All the features that were hyped from waaay back in the 3.x days have been implemented in 8.0. These include
- new security features,
- app tabs and tab groups
- like Ricky-boy, I forgot the third thing. 😈
FF8 has a mode called “private browsing.” You explicitly set the mode manually, and you must do so before you have opened any tabs into which you have entered contents.
The question is not so much “what information is private” as “who is it private from,” and the answer is “basically nobody, except other users of the same computer.” Honestly, neither FF8 nor any other browser has a lot of control over what is posted to a web site when you fill in a form, or when the web site drops or requests a cookie; a certain minimum amount of information must be provided to the site just to make the transaction happen. (ADDED: that said, secure connections, those with URLs that begin “https”, really do work.) So don’t expect “private browsing” to conceal your pr0n site visits from your employer, or your basic machine and browser info from any sites that you visit.
Nonetheless, if you are sharing a computer with someone, and (to use Mozilla’s own polite example) don’t want them to see the places you’ve shopped for their birthday present, or if by some miracle you’ve found a public library computer using Firefox, private browsing can be useful.
(Do I use it? No. Stella and I have not only separate computers, but separate DSLs and separate local networks. There is nothing connected between our systems. We even email each other the way people who live in different homes do. That is in part because our separate AT&T accounts were necessary when I used mine mostly for business purposes.)
These are, to me, so far the most useful feature of FF8. Create a tab and run an app (i.e., visit a site) in that tab. Then right-click the tab and select “Pin as App Tab” from the context menu. The big, bulky tab will disappear, replaced by a tiny tab on the left end of the tab bar, containing only a small icon (the favicon, actually) for the app. The next time you start your browser, that app tab will appear, loaded up and ready to go; this will continue to happen until you explicitly right-click and unpin the app tab. I have five pinned app tabs: Google, NWS local weather, and (for this blog) Dashboard, Comments and the blog itself.
A couple of things to remember about app tabs. If you select an app tab and manually navigate somewhere else, that becomes the new meaning of that app tab. (I would rather it didn’t do that, but no one asked me, and I didn’t participate in the spec’ing process.) (CORRECTION: this appears NOT to be how it behaves. If you close the browser with any page that is part of the tab’s named site open (i.e., the part up through “.com” or whatever is the same), that page will be reopened. Attempts to open any other page not part of the app in an app tab will result in a separate tab being opened. On the whole, I like that behavior.) Also note that app tabs do not auto-refresh unless the site behind them auto-refreshes. (This appears to be true even across browser sessions: close a single browser instance, launch another, and the app tabs may very well have the same display contents as the last time you saw them. I don’t know how or why it does this, or whether I’ve simply misinterpreted; I’ll probably be updating this statement.)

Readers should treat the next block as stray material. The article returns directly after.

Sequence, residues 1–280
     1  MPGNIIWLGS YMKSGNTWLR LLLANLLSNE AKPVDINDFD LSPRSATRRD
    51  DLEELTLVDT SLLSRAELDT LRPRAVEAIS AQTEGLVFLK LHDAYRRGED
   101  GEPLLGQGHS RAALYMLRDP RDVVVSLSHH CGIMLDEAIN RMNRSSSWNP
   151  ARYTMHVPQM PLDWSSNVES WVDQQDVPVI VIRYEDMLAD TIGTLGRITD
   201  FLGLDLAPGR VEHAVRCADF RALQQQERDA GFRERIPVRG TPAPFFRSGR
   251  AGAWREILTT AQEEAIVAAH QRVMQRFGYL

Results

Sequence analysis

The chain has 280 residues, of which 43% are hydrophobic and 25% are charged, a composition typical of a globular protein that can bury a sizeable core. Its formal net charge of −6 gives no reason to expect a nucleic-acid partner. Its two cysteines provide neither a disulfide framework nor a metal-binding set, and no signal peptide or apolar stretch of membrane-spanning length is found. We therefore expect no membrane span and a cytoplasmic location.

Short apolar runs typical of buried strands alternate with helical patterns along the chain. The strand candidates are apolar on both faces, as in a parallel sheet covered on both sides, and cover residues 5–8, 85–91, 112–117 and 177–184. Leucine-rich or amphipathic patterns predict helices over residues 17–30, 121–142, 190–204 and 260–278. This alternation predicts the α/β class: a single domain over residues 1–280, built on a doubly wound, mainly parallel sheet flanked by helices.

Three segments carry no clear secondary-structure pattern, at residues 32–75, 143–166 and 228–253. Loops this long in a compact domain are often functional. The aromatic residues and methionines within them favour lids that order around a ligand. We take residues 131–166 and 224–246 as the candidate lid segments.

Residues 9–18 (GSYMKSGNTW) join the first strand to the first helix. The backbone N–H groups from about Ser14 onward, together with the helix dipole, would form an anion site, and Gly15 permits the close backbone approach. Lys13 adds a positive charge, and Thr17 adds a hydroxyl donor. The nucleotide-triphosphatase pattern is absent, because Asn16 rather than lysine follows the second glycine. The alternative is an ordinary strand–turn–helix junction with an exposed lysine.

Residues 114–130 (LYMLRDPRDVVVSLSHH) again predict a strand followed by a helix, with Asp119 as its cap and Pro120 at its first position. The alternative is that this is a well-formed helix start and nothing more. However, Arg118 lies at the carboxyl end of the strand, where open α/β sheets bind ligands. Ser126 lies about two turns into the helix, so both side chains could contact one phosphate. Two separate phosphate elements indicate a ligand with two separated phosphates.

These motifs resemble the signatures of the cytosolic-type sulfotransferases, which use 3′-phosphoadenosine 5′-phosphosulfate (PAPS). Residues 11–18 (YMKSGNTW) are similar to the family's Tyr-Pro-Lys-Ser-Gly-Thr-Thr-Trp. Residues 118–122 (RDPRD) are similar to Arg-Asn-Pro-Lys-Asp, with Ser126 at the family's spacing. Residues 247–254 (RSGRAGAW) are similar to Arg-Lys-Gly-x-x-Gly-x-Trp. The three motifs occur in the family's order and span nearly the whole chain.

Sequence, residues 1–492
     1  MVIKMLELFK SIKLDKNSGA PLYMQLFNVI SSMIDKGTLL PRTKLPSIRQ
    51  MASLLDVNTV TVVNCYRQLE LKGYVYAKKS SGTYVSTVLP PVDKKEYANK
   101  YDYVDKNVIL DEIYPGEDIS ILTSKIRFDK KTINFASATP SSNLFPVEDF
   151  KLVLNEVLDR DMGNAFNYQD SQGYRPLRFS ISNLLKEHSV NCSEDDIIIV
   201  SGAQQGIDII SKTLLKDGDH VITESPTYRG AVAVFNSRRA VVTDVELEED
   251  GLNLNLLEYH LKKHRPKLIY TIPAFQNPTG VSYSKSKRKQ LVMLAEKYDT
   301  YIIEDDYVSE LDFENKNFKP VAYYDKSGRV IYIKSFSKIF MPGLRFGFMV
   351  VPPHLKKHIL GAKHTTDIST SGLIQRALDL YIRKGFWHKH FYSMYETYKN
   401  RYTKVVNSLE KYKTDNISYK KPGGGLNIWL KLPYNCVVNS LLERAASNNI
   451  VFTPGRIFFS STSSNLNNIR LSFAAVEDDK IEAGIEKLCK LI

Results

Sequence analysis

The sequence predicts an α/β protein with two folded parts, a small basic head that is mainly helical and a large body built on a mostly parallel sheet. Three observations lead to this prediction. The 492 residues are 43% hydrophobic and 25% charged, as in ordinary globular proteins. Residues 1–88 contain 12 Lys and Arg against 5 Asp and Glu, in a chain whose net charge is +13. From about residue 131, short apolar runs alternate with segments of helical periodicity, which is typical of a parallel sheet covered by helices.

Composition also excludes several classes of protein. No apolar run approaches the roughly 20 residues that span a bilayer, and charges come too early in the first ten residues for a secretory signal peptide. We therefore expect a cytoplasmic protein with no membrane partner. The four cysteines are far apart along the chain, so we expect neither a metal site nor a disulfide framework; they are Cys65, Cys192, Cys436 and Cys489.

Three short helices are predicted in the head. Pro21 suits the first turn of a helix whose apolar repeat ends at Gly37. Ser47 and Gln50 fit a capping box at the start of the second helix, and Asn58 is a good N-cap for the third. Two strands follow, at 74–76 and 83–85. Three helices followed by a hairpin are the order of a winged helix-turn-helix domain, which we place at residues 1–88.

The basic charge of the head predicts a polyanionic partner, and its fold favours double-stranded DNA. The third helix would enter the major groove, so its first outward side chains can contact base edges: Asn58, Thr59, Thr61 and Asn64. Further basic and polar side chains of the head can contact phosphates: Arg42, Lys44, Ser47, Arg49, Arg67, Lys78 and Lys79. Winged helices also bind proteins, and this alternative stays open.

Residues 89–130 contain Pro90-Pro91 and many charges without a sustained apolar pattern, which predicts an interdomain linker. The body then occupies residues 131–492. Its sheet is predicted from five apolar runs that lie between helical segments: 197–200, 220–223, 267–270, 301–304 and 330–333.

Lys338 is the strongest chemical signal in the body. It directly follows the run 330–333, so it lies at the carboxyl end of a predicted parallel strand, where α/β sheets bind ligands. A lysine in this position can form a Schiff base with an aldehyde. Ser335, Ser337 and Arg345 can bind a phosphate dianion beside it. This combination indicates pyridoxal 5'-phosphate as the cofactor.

If you have an old computer, starved for mips and RAM, you can skip this section. Tab groups, a wonderful concept, can really slow things down on a machine like mine, and I have gone back and stripped all of them out. But the basic idea is sound.
Most people have a sort of project setup, an assortment of web sites they always open to work on a particular project. Perhaps you have two or three news sites you refer to constantly in preparing a blog post, or a few like-minded people whose blogs you like to visit frequently. Or perhaps you have the same sloppy habits I have, opening a dozen tabs and finding it difficult to locate the ones you really need to work on something. If so, tab groups are for you… with some reservations. Manually open the tabs you want in a group one by one, and follow the instructions in Help to create a tab group. Henceforth, when that tab group is active, all those tabs (and only those tabs) will be opened, in conventional tabs, for you to use as you desire. (The pinned apps are available in any group, or no group at all. However, they are not available in popup windows.)
Now for the reservations. If a tab group is active, there doesn’t seem to be any way to say “select no group at all.” If you open a browser with a tab group active, or activate one explicitly (there’s a button that invokes a tab-group mode of viewing), nothing prevents you from closing individual tabs… but FF8 will dutifully remove those tabs from the active tab group, for good and all. Something similar happens (I’m still exploring what exactly) when you open a new individual tab while you have a tab group active: the tab opens individually, but if you click the tab-groups button, that individual tab sometimes (?!?) becomes part of the group. Again, I’ll probably be revising this paragraph once I understand better.
It could be worse; it could be better. I am not sorry I upgraded to 8.0, if for no other reason than that it is the first self-upgrading version I’ve had, and I’ll be happy to be relieved of that chore. The App Tabs feature makes a lot of sense; I use it constantly. The Tab Groups feature may make more sense all in good time. And depending on your circumstance, the Private Browsing feature may protect your habits from those you share the machine with.
Oh, and the whole thing does in fact run faster… unless the Creepy Feature Creature invades and uses up all your available RAM…